[Gtkradiant] thoughts on Micheal's reply - Re: Gtkradiant Digest,
Vol 22, Issue 15
clancyj at tiscali.co.uk
Sat Jun 24 07:56:48 CDT 2006
> I think there are some misunderstandings concerning the definition of a "tester".
> To me a tester does not necessarily know how to code, how to compile radiant or
> how to checkout a revision from svn. In my opinion a tester is "just" a user.
> A user who can give feedback on a new feature or something thats in
> evaluation phase. He can report if the feature works well, if it needs
> workflow-improvements, if it creates strange results with input X and so on.
I agree, but surely we need to include as many contributers as we can.
For my part, I usually post stuff to bugzilla saying "this and this is
broken". On a couple of occasions I have tracked down the source of the
problem and reported it (model name problem and linux build problems).
What I would like to know is whether bugzilla is the correct forum for
reporting bugs AND fixes. Also, I wouldn't mind the occasional "thank
you" for (at least) trying to help. Just me, I suppose - I like a pat
on the back.
On that note I would like to say "THANK YOU" to SPoG for putting in all
the effort. If there's any way I can help, you only have to ask.
> If we expect everybody who wants to help radiants development
> to make a checkout from the svn rep, patch the source, compile it and then report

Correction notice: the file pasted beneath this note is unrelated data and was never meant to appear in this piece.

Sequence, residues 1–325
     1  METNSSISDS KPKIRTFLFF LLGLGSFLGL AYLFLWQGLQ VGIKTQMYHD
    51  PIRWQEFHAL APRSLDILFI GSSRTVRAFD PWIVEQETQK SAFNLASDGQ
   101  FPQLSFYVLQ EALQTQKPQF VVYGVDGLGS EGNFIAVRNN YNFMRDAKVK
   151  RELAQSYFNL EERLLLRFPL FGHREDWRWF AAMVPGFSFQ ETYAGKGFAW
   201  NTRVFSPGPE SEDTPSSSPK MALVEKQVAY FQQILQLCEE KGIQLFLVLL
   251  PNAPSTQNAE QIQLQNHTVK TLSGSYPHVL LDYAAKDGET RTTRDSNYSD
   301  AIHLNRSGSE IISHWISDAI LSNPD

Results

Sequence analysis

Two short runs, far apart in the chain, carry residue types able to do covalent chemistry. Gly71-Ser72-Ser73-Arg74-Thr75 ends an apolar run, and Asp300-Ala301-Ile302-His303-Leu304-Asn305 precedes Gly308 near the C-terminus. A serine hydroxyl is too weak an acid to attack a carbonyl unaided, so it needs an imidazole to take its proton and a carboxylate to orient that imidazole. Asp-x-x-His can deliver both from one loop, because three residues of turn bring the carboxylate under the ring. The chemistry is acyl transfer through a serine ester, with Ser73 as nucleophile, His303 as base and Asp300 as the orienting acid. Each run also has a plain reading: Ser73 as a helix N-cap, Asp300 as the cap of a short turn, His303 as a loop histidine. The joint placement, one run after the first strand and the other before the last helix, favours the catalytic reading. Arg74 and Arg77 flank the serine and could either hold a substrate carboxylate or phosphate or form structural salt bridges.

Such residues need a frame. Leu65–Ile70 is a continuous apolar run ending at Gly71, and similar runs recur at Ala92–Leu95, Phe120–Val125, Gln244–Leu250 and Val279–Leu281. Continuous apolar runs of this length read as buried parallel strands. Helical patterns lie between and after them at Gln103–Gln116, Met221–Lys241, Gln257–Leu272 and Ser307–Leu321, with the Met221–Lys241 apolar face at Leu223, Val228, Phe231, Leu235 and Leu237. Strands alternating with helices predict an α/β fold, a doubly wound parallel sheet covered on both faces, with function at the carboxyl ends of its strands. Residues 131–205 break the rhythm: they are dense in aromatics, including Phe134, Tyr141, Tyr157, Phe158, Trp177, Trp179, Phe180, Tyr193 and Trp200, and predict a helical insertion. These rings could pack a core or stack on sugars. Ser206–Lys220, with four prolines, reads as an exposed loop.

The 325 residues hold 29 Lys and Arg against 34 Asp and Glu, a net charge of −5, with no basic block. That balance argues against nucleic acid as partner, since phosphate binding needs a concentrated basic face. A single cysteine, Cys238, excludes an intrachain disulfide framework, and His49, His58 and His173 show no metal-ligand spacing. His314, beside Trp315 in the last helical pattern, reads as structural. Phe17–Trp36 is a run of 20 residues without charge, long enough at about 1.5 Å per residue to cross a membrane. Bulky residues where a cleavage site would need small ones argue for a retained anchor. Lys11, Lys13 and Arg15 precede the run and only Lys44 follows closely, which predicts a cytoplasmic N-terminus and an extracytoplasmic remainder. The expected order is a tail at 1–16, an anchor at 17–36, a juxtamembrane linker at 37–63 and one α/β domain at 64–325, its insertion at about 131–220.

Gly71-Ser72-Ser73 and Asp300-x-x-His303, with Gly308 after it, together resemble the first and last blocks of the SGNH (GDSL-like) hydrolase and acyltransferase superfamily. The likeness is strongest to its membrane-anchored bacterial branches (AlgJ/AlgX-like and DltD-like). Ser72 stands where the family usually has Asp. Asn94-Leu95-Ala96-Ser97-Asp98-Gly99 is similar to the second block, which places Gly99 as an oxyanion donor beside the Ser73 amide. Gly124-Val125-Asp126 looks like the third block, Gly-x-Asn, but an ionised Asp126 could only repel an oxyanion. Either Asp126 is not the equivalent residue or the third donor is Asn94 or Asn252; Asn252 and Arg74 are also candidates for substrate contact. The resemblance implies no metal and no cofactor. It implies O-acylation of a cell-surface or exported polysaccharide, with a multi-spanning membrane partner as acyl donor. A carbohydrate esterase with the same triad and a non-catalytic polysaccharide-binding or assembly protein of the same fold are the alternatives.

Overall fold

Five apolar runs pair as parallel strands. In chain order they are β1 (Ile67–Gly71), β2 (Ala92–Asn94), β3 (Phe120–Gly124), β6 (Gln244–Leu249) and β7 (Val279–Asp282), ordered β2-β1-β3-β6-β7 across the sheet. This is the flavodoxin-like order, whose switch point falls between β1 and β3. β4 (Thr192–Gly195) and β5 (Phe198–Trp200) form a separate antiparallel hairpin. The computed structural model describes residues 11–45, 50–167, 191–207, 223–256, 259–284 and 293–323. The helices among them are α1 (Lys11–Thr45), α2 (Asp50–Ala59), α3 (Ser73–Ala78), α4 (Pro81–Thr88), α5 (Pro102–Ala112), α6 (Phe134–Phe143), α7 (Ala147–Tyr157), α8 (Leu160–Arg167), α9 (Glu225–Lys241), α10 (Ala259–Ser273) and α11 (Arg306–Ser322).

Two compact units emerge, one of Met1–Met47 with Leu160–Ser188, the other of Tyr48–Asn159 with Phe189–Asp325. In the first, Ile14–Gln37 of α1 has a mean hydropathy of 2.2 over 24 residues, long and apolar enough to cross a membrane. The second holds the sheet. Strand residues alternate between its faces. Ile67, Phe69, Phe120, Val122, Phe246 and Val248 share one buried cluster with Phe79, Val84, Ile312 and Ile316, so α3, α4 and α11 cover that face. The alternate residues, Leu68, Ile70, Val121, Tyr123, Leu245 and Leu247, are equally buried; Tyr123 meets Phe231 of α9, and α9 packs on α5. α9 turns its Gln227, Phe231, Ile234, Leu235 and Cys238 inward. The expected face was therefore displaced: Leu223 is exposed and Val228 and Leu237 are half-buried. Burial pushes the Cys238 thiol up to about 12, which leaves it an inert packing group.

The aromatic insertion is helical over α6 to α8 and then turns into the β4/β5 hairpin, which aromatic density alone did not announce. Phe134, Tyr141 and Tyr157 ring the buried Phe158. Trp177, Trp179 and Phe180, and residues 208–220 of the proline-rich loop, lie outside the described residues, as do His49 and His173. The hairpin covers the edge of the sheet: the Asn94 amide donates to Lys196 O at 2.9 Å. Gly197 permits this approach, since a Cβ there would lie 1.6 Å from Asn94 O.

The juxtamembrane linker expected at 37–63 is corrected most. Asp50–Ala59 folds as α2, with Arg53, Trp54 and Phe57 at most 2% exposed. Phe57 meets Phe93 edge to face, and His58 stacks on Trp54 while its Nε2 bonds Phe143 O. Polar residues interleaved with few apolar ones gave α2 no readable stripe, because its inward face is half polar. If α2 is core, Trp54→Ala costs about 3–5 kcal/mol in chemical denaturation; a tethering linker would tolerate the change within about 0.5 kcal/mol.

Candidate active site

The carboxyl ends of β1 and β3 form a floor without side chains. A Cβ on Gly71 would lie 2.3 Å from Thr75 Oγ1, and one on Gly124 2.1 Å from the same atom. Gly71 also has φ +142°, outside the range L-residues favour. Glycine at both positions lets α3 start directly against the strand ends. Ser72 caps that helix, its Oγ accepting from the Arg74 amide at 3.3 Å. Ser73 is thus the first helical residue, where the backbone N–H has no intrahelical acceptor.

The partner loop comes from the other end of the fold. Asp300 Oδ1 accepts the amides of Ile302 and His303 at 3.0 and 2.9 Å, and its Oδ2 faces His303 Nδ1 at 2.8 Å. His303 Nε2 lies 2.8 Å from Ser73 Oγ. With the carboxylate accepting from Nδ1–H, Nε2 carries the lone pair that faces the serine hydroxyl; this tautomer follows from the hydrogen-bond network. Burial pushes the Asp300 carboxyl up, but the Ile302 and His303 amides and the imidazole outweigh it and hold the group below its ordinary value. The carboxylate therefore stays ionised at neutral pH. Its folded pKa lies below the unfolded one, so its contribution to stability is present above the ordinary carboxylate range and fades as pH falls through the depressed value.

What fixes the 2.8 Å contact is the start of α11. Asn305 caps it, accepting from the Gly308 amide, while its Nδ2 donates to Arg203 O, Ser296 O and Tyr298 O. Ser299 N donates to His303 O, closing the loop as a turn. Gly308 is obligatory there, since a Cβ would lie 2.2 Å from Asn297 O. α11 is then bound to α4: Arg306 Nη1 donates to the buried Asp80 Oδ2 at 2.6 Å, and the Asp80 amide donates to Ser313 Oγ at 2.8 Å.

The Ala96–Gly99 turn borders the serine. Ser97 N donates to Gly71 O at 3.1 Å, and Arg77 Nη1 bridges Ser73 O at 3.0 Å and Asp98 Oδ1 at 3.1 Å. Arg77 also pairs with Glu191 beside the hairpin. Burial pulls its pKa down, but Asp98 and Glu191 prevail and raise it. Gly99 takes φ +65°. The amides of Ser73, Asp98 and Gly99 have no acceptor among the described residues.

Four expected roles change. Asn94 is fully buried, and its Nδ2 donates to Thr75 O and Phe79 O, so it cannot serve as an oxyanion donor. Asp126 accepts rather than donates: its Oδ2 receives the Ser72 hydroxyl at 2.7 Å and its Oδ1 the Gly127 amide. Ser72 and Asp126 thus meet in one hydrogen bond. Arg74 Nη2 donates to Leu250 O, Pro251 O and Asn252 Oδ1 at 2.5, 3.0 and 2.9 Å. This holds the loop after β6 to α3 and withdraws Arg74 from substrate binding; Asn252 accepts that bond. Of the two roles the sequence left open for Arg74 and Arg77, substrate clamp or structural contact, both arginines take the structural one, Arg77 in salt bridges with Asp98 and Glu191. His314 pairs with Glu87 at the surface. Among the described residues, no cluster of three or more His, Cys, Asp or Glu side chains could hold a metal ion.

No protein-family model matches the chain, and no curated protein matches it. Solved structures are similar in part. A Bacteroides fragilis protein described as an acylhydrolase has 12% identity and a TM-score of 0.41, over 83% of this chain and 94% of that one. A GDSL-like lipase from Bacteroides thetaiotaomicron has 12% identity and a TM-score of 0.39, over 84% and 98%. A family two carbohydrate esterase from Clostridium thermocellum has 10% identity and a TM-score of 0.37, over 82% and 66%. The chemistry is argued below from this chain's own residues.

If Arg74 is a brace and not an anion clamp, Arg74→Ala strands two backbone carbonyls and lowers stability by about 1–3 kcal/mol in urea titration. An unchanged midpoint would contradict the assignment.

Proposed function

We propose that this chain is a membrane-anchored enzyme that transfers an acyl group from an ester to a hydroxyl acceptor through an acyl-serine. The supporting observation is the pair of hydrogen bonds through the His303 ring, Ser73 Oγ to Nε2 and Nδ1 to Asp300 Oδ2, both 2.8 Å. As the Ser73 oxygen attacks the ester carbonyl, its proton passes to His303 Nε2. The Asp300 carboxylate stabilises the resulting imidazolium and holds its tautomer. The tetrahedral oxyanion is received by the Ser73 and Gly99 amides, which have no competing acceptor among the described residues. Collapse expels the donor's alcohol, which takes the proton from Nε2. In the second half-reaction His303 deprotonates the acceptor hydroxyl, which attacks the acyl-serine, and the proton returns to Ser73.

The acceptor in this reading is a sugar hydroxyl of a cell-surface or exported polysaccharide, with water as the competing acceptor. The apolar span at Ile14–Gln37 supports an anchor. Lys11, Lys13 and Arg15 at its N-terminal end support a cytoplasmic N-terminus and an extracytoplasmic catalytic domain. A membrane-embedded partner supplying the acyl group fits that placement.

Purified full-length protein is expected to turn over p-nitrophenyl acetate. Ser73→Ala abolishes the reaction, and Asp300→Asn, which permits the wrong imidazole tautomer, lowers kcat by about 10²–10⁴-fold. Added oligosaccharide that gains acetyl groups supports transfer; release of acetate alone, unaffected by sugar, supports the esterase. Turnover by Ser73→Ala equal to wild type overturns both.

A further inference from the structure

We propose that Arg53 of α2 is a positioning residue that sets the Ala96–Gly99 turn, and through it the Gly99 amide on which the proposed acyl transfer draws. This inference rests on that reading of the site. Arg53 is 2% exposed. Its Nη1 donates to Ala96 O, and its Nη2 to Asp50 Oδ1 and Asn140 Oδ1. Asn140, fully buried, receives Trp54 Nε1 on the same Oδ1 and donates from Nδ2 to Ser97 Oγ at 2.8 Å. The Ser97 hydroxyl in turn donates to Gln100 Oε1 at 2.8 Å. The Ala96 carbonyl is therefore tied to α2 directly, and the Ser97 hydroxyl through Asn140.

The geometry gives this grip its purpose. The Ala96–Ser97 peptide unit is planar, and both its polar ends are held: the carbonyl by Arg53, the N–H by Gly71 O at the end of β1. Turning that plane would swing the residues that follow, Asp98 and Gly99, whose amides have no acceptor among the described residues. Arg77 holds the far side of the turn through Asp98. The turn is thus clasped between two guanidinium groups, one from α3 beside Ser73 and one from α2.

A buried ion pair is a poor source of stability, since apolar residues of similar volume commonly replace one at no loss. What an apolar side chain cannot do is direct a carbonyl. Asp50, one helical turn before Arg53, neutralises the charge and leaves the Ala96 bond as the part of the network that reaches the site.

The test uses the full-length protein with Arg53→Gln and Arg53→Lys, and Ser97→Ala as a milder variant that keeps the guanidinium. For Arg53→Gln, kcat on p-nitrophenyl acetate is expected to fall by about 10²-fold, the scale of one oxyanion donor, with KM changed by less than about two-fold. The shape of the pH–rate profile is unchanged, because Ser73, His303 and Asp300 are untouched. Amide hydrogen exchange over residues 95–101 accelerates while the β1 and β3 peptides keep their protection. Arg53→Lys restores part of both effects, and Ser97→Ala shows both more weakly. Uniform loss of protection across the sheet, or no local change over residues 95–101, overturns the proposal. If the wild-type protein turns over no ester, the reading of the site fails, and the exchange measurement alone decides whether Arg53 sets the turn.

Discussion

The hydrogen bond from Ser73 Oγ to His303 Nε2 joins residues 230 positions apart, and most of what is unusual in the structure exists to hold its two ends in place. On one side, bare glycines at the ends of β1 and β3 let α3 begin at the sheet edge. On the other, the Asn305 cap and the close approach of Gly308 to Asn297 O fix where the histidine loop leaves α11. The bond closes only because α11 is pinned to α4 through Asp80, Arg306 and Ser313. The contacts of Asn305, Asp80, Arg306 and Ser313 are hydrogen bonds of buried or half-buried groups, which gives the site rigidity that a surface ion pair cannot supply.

> problems he may have come across, we limit ourselves to a very small group
> of "mappers who also do coding".
True - true. But we should use every resource at our disposal. For
example, I use GtkR on Linux. I'm not an expert in C++ (C, yes, C++,
no) or Windoze but I can generally pinpoint a problem and report back.
AFAIK there isn't a mechanism for submitting patches - what I've done is
simply email SPoG with what I did to make it work.
> My suggestion tries to open things up by providing an unstable/testing/call it what you want-tree.
> If mappers want to give feedback on the latest development they just download
> the nighlybuild of the unstable tree and report what they did or did not like and where
> they think is room for improvements.
And here, I think, is the problem. It's not *just* the base tree, but
also the addons and tweaks that can be applied. Obviously, it would be
impossible to try to maintain them all in the same tree. Perhaps we
should be looking at two trees (as suggested) but the onus *must* be on
the "addon" tree keeping up with the main trunk - which will totally
ignore any activity in the addon tree. That way we can still forge
ahead with basic GtkR functionality and not compromise the base tree.
Naturally, there would be a need to create milestones where the two
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